In such a case, you can have an immigration judge review the denial of your Form I 485 during removal proceedings. During this review, immigration officials have to prove that the information on your application was untruthful and that your application was rightly denied. Even after this, if the judge decides to remove you from the country, you can still appeal this decision. You can appeal within 33 days after the immigration judge passed the judgment. The appeal will then be referred to the Board of Immigration Appeals once your appeal form and the required fees are processed.
Permanent residents have the authorization to live and work permanently in the United States. United States allows US citizens and permanent residents to help their immediate relatives to immigrate to United States on a permanent basis. Family based immigration is an immigrant visa classification which allows a foreign individual to become a permanent resident through a family member in the United States who is either a US citizen or a lawful permanent resident.
If you are a US citizen or a lawful permanent resident, you may then petition for your immediate relatives for a green card. Obtaining a Green Card for your family is a two step process. The first step is filing the Family Immigration Petition. This is filed to establish a qualifying relationship between yourself and your immediate relative. The second step involves applying for a green card. If the family member is inside the United States, then the applicant may qualify to adjust status to permanent resident without returning to their home country. Or if the family member is outside the United States, then the applicant must file the petition at the United States consulate or through an US Embassy that has jurisdiction over their foreign place of residence.
Green Card for Your Father:
Although the immigration law has given the privilege to both US citizens and lawful permanent residents to petition for their family members, only US citizens are allowed to petition for their parents. If you are looking out to obtain green card for your father, then you need to satisfy the following requirements.
1. To be eligible to petition for your father:
- you must be a US citizen
- you must be at least 21 years of age.
2. Your father must fall into one of these categories.
- Must be your natural father
- if step father, then he must have married your mother before you turned 18
- if adopted father, then you must have been adopted before you turned 16.
3. You must then file Form I 130 to petition your father. This form is used to request an immigrant visa for your father. You need to file your petition with USCIS along with supporting documents such as naturalization certificate or a US. passport. Submit your petition to the appropriate USCIS address.
4. When you send your petition to USCIS you must ensure you include the required supporting documents. The list of the supporting documents is given below.
- Birth Certificate showing he is your natural father
- Provide name change proof if your father has changed his name
- Natural parent’s marriage certificate. (If stepfather, provide marriage certificate to your biological mother)
- If you were adopted, then adoption decree before you turned 16 and a statement which mentions the places and time you lived with your adoptive parents
5. Once the I 130 petition to obtain a green card for your father has been approved, your father can apply for a green card. If your father is outside US he has to apply at a US consulate. If he is inside US, he should apply for adjustment of states with USCIS.
Most people who wish to help their fiance(e) immigrate to US have a doubt on what form to file, whether K1 visa or Form I 130. It depends on the the length of the relationship, the supporting evidence, the number of times the sponsor or the petitioner has physically met their fiance(e), are few of the considerations to file the appropriate form.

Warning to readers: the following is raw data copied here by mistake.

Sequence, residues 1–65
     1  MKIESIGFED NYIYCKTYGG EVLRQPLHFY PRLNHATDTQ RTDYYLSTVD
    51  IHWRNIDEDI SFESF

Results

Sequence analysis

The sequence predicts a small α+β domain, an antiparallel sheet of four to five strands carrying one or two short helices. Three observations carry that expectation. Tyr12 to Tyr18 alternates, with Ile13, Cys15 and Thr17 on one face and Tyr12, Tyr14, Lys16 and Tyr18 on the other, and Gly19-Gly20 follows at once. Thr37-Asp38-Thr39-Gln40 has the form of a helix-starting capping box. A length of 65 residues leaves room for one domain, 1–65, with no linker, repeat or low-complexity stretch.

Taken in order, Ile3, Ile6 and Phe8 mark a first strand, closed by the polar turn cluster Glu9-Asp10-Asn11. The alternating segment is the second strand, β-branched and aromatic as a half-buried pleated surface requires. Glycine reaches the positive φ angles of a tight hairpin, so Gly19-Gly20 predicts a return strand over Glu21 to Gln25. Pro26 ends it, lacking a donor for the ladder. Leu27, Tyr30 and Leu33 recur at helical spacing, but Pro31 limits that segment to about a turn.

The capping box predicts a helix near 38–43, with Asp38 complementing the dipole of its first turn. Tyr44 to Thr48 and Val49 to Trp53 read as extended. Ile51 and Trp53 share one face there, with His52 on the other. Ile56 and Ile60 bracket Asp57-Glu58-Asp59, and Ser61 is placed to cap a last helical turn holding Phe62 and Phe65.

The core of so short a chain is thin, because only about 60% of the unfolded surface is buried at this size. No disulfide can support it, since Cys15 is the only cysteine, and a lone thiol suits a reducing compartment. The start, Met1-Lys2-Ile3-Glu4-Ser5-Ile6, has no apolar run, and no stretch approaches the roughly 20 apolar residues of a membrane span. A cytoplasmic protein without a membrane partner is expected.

Only the citizens of the US may file a K1 visa for a fiance(e). If you are a legal permanent resident you may then have to file Form I 130 to petition your spouse. A K1 visa is issued to the fiance(e) of a United States citizen to enter the US and marry the United Citizen within 90 days after the entry of the fiance(e) into US. A K3 visa is used by a US citizen to bring his or her spouse to the US. Form I 130 is used by a US Citizen or a legal permanent resident to petition his or her spouse for a green card.
The average waiting time for K1 visa is approximately 7-9 months, K-3 petitions take approximately 8-10 months and Form I 130 petitions take approximately 8-12 months to be processed.
What Form Must I File?
If you are a US Citizen and you wish to bring your fiance(e) to US to get married you must file K1 visa application. On approval of the petition by the US Citizen, the fiance(e) may travel to United States for a period of 90 days. A K-1 visa requires a fiance(e) to marry his or her US citizen sponsor within 90 days of entry into the United States. The fiance(e) may then obtain work permit to work in the United States. It is mandatory that the US Citizen and the fiance(e) must be married within the 90 days period , so that the fiance(e) will be eligible to apply to adjust status to a lawful permanent resident.
If you are a US Citizen and you wish to bring your spouse to US then you must file K3 visa application. You can apply for a K-3 visa for your spouse only after you have filed the I-130 petition. Your spouse can enter the US on a K3 visa while the I-130 is pending and must apply to adjust status to a permanent resident with the USCIS upon approval of the petition.
Form I 130 is used by either by a US Citizen or a Legal Permanent Resident to petition their spouse to immigrate to United States. This process is a lengthy process when compared to that of K1 and other processes.
A K1 visa holder will not be able work or leave the country until they apply for adjustment of status. When they file for adjustment of status, applications for employment and travel will also have to be filed. After 90 days of filing the petition, the spouse may be able to travel and work.
A K-3 visa is a multiple-entry visa and the spouse may travel out of the country. The K 3 visa holder must apply for an EAD/work permit and it has to be filed along with the adjustment of status application.